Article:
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The Canadian province of Newfoundland has –- or had, at any rate –- a problem that not too many of us may be familiar with here in the lower 48: an exploding moose population. Moose on the loose are no joke, as these sometimes 1400-pound antlered animals cause hundreds of car crashes every year, some of them fatal. Newfoundland's moose population does seem to be on the decline now, which is no surprise seeing as how just a few years ago the province was issuing nearly 30,000 moose hunting licenses per year and promising success rates of up to 85%. Even though some decry the moose massacring, including Redditors on the r/moose forum (yes, there is such a thing), even the moose themselves were not well served by their overpopulation problem, so reducing the numbers was necessary in order to ensure that the survivors had ample resources.
Still, 25,000 dead moose (which is approximately how many would be killed per year if the hunts were as successful as advertised) is a heaping helping of meat. So what was everybody doing with it? While moose steaks and stew are no doubt delicious, many hunters have opted to preserve some of it by turning it into processed meat products such as salami, pepperoni, and, as the title's already tipped you off, bushels and bushels of bologna.
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How Is Moose Bologna Made?
Moose bologna, if commercially made, may be processed in a similar fashion to any other store-bought bologna. It would start with ground moose meat, which may or may not be blended with other types of meat, and would then be seasoned and mixed with water and fat. Preservatives such as nitrates, nitrites, and sodium erythorbate may be added, as well. The moose bologna is then stuffed into a casing (most likely with the aid of a machine of some sort unless it's being sold as artisanal) and is then cooked or possibly smoked. As a final step, it's possible that the moose bologna might be sliced prior to being packaged, or it could be sold as an entire log.
If you're going the homemade bologna route, you'll also start with ground meat (all moose or possibly with an admixture of pork) and add your own seasonings such as sugar, salt, onions, garlic, and liquid smoke. Roll it into logs, wrap it in plastic, and let it cure in the fridge for a day or two, then unwrap it and bake it low and slow in the oven for a few hours. Your finished bologna may look a little rustic sans casing, but Newfounders have been enjoying this simple style of homemade moose bologna for decades.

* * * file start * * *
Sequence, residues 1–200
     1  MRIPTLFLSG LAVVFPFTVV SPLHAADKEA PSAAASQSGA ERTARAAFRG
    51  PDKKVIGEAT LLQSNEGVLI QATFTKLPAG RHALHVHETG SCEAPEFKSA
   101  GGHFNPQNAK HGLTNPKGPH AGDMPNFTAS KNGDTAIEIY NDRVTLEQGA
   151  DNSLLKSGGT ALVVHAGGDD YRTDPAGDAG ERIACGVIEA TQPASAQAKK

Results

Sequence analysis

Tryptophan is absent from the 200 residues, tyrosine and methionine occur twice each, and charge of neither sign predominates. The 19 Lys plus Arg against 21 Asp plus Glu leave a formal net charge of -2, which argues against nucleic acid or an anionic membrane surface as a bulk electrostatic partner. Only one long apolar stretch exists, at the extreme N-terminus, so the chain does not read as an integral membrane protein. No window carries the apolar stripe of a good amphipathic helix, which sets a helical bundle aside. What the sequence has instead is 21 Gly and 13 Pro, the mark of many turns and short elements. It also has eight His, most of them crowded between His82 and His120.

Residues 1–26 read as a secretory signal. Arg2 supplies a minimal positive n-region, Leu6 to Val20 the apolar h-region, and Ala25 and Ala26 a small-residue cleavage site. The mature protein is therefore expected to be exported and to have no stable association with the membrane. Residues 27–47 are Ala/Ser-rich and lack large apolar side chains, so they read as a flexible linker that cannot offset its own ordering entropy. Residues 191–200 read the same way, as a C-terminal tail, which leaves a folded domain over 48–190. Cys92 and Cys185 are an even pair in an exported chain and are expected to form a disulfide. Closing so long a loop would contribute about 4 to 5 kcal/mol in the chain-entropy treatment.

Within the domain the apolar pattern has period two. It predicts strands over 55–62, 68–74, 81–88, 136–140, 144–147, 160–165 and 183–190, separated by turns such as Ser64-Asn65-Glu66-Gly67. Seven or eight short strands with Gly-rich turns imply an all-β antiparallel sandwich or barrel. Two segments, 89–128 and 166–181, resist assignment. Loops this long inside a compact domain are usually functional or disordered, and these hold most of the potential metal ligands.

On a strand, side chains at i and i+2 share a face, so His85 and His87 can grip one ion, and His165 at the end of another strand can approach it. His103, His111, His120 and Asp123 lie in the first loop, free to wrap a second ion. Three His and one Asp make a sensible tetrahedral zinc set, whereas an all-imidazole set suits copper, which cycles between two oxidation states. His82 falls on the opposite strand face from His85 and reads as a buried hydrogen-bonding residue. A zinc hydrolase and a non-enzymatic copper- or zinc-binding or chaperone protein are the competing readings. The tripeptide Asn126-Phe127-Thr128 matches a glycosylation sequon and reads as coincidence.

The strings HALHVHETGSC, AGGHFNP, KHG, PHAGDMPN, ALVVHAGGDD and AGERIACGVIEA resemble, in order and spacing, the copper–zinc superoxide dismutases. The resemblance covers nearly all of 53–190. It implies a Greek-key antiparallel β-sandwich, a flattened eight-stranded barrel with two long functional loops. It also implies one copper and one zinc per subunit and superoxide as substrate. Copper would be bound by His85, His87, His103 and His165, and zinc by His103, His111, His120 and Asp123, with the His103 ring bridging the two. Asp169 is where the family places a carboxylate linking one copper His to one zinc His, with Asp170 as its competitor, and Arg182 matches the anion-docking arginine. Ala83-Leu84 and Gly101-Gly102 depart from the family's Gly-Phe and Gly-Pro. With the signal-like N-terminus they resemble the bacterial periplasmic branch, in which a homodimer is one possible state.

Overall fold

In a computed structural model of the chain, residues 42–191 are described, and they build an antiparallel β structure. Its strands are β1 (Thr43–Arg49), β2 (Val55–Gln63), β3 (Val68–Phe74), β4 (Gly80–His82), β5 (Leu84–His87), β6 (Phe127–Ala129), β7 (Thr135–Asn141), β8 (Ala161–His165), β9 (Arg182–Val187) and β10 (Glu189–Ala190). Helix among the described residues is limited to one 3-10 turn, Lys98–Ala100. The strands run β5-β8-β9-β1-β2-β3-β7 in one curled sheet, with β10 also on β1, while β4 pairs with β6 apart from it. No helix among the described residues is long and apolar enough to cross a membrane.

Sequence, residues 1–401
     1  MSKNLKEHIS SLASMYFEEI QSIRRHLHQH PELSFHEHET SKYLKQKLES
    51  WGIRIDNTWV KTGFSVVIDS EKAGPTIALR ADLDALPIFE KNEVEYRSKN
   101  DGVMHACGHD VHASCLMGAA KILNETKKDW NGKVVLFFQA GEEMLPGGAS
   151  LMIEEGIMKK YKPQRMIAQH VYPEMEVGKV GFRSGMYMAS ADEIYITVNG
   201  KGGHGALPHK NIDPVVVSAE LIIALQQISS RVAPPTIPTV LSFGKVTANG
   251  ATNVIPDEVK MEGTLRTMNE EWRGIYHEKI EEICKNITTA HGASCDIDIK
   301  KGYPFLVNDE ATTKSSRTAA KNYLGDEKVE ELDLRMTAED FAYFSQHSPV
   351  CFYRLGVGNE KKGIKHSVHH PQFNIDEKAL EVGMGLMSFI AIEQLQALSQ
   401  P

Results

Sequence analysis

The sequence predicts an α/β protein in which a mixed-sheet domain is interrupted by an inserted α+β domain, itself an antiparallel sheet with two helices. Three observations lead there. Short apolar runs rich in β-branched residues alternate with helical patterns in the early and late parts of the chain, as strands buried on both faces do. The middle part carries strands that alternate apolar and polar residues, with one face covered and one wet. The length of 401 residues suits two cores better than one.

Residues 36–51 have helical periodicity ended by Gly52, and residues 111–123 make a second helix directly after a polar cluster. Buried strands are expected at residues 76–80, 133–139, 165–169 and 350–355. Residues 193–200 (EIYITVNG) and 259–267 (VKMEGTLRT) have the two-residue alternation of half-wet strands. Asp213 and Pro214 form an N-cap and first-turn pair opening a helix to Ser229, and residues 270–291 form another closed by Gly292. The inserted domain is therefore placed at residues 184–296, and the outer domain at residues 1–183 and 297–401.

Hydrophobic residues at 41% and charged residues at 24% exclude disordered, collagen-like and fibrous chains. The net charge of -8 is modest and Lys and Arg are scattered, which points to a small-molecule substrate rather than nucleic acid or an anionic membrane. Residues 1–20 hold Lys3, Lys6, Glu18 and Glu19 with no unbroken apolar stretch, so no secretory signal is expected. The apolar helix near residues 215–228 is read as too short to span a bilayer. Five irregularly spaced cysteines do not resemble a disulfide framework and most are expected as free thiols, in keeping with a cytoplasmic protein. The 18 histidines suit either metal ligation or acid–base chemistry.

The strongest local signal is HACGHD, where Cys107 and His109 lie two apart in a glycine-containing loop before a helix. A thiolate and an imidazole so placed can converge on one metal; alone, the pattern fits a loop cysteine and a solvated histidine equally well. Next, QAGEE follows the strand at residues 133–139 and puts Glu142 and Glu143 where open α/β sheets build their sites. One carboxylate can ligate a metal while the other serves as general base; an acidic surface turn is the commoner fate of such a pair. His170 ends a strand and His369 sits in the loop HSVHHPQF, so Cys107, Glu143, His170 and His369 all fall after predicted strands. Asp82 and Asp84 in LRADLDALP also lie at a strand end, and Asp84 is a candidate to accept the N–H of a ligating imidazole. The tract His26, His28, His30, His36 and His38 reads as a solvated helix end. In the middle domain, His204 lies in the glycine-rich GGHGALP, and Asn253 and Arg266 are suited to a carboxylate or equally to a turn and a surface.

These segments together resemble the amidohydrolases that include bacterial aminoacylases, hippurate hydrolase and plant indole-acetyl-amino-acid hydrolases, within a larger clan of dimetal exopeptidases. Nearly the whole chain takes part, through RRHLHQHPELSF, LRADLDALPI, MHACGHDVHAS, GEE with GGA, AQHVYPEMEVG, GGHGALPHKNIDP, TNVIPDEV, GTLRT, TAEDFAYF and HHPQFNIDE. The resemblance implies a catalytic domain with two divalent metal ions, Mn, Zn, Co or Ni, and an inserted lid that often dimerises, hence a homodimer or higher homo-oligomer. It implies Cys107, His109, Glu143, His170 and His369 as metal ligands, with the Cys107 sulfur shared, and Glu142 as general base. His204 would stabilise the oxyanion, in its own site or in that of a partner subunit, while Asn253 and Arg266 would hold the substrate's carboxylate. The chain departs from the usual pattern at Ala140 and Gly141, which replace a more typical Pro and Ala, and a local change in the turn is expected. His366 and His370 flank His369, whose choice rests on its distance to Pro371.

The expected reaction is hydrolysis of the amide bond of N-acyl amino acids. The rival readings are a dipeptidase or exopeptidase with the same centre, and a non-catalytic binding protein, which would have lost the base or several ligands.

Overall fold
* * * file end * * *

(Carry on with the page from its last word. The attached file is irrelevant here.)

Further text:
What Does Moose Bologna Taste Like?
If you ask several different people who have all tried moose bologna to describe the flavor it's likely you'll get back a number of different reports (although tbh this is true of almost any type of food). Some describe it as being rather intense and having a strong gamey flavor, albeit one that can be offset by the choice of seasonings used in the bologna or by mixing the moose meat with another kind of ground meat. Others, however, find bologna made with moose to taste somewhat similar to bologna made with beef.
The difference, it seems, may not lie entirely within people's differing perceptions, but a particular moose's sex, age, and what it may have been eating. A moose can wander over a territory of up to 50 square miles, which makes for diverse foraging opportunities. Should your moose have been dining upon tree bark, its meat will no doubt taste quite a bit different than if it had consumed leaves or flowers instead. As moose farming is not yet a thing, you're pretty much taking a potluck with the meat used in your moose bologna. But for connoisseurs of the stuff, who's to say that isn't all part of the fun?
How To Eat Moose Bologna
Moose bologna can be eaten much the same way as any other kind of bologna – between slices of spongy white bread smothered with mayonnaise if that's what floats your boat. You could also fry it for breakfast in true Newfoundland style or make it into a full Canadian breakfast with the addition of toast, eggs, and pancakes (possibly the Newfoundland specialty known as toutons). Moose bologna can also be used to make a donair, a Canadian sandwich with a sauce whose secret ingredient is sweetened condensed milk.
Heartier options for making the most of your moose bologna include a traditional Newfoundland dish called bologna stew which is made with chunks of the meat as well as vegetables and that favorite Canadian condiment, ketchup. Should you wish to venture even further afield, one creative Newfoundlander even authored "The Bologna Cookbook" which features 200 different recipes ranging from bologna stroganoff to bologna steaks in a balsamic peppercorn sauce.
Where Can You Buy Moose Bologna?
Up until fairly recently, you could not purchase moose bologna in a store, nor moose meat of any kind. The only way to possess the stuff legally was to either kill your own moose (with the appropriate hunting license, of course, and doing so within the designated season) or to be gifted some by a hunter. As for the bologna, you'd most likely need to make it yourself or receive it from another home cook who had done so.
These days, however, some hunters are able to obtain special permits allowing them to sell moose meat to commercial processors so moose meat is something that can be purchased in grocery stores such as Newfoundland's own Bidgood's. A boutique business called Wild Side Meats, once profiled by Anthony Bourdain, produced its own moose bologna. But sadly seems to be out of business now. The Omiachi Meat Shop, also in Newfoundland, has been known to make moose bologna for customers who bring in their own moose meat. If you're outside of Newfoundland, though, you may be out of luck as moose bologna does not seem to be available for export.
Read the original article on Mashed.